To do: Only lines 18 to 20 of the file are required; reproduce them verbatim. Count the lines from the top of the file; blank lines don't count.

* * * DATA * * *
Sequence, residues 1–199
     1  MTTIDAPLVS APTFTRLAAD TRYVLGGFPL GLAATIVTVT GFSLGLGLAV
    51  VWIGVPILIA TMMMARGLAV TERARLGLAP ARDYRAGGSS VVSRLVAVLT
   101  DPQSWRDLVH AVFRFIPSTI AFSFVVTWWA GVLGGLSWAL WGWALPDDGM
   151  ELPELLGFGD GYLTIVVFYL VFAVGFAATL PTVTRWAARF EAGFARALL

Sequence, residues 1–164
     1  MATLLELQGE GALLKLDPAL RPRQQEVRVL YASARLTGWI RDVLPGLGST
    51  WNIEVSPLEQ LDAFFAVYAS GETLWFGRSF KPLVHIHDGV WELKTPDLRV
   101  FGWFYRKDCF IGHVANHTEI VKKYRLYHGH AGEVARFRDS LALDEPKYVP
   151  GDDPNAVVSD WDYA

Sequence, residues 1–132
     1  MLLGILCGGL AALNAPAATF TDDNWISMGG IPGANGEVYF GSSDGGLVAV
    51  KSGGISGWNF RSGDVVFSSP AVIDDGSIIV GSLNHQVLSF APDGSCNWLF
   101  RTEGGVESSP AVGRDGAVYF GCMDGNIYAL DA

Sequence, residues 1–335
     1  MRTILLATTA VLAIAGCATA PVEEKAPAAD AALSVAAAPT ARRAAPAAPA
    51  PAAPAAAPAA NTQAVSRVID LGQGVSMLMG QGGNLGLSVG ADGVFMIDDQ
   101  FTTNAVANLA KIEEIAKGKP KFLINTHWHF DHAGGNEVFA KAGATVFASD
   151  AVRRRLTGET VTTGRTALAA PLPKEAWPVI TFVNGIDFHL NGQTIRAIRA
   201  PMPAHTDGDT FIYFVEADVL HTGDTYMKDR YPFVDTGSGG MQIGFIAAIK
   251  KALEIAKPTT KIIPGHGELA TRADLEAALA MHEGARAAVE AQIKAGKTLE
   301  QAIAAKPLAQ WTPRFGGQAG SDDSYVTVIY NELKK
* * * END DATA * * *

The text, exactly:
   101  FTTNAVANLA KIEEIAKGKP KFLINTHWHF DHAGGNEVFA KAGATVFASD
   151  AVRRRLTGET VTTGRTALAA PLPKEAWPVI TFVNGIDFHL NGQTIRAIRA
   201  PMPAHTDGDT FIYFVEADVL HTGDTYMKDR YPFVDTGSGG MQIGFIAAIK